Fuchle: If a player has 3 consecutive wipeouts -- turns in which he does not score -- he has fuchled and must remove his peg back to the starting point off the board.

Game End : The game ends when at least one player has moved his peg off the board and all remaining players have had a chance to complete their final turn in that round. Whoever has run his peg furthest off the board wins the game.

Once you've played the game a few times, we strongly recommend adding the "Advanced Rules" below.

Example Play: In a player's turn, he:

  1. Rolls 7 dice. They show 5-5-2-2-1-4-6. He chooses to set aside or "freeze" the two 5 dice. 5 is now his point value or Point.
  2. The player chooses to roll the five unfrozen dice (2, 2, 1, 4, and 6). He throws 5-1-6-6-6. The player freezes the 5, so his scoring combination is now 3-of-a-kind with 5's (i.e., 5-5-5). (A player is not permitted to switch his point value once he establishes it by freezing dice, so this player cannot switch his point to the higher-scoring combination of 6-6-6.)
  3. The player chooses to stop. For his 3-of-a-kind, he scores the number on the die, as per the Scoring Chart. He moves his peg forward 5 positions on the cribbage board and hands the dice to the next player.

Say the player chooses instead in step (3) to continue. He has frozen 5-5-5 and rolls the remaining four unfrozen dice.
  • If he does not roll at least one die that is either his point value (5) -- or a 1 -- he wipes out. His turn ends and he scores no points for the turn.
  • If he rolls one or more 5's, he adds them to his frozen dice. He may then either continue his turn or stop and score his existing point total.
  • If he does not roll any 5's, but he rolls one or more 1's, he is still safe -- though he has not increased his total score. He may then either continue his turn or stop and score his existing point total. (If the player chooses to continue, the 1's are not frozen -- unless they are his point value).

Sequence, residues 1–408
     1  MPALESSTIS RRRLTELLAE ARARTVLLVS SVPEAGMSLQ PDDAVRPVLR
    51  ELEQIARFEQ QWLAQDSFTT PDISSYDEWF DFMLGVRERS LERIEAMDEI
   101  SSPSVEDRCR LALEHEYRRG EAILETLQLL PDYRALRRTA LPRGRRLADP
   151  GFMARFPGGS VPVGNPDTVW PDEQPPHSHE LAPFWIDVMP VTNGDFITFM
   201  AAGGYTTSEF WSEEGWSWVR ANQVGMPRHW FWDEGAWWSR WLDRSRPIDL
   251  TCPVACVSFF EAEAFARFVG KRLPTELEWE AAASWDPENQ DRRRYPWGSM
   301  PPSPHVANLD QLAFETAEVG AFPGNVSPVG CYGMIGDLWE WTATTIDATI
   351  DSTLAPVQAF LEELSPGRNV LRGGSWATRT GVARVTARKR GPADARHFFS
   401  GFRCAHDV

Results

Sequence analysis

If the player reaches a point where he has frozen either five or six 5's, he can either stop his turn and move his peg as per the Scoring Chart, or he may continue by piddling. To piddle, he rolls two dice:
  • If he rolls doubles with his point value, he has "no result" and must roll both dice again.
  • If he rolls doubles for any value other than his point, his turn ends without score.
  • If he avoids rolling doubles, his turn continues anew with a rollover, a fresh role of all 7 dice.
If the player wipes out at any time during his turn, he loses all points accumulated both before and after the rollover. If the player ends his turn safely (i.e., voluntarily), he scores the total of all points accumulated both before and after any rollover(s). Players may roll over as many times as they are able.

Advanced Rules:

Once you're used to the game, we strongly recommend adding these rules:

Piddle Points: Obtain 2 extra dice that are only used for piddling.

When a player piddles, if either one or both of the two dice he rolls matches his point value, he adds those to his score prior to the rollover.

Examples: a player obtains 5-of-a-kind in fours (4-4-4-4-4) and chooses to piddle. In his piddle roll, one die turns up a 4. The player scores for 6-of-a-kind (assuming he ends his turn safely).

If the player threw two 4's in his piddle, he scores for 7-of-a-kind. 7-of-a-kind is the maximum score obtainable through piddle points.

The Bomb: If a player selects 1's as his point and then obtains at least 6-of-a-kind in 1's, he has rolled the bomb and may exchange his peg with the leading peg on the board.

If the player reaches 5-of-a-kind in 1's when going for the bomb, he must announce his intent to bomb prior to piddling. When he piddles, if either or both dice turn up 1's, he has successfully bombed, and may swap the lead peg on the board for his own. If his bomb fails, the player scores no points for the turn. Success or failure, the player's turn now immediately ends.

Double Fuchle: If a player's peg is off the board due to a fuchle and he wipes out 2 more times while off the board, he is eliminated from the game entirely.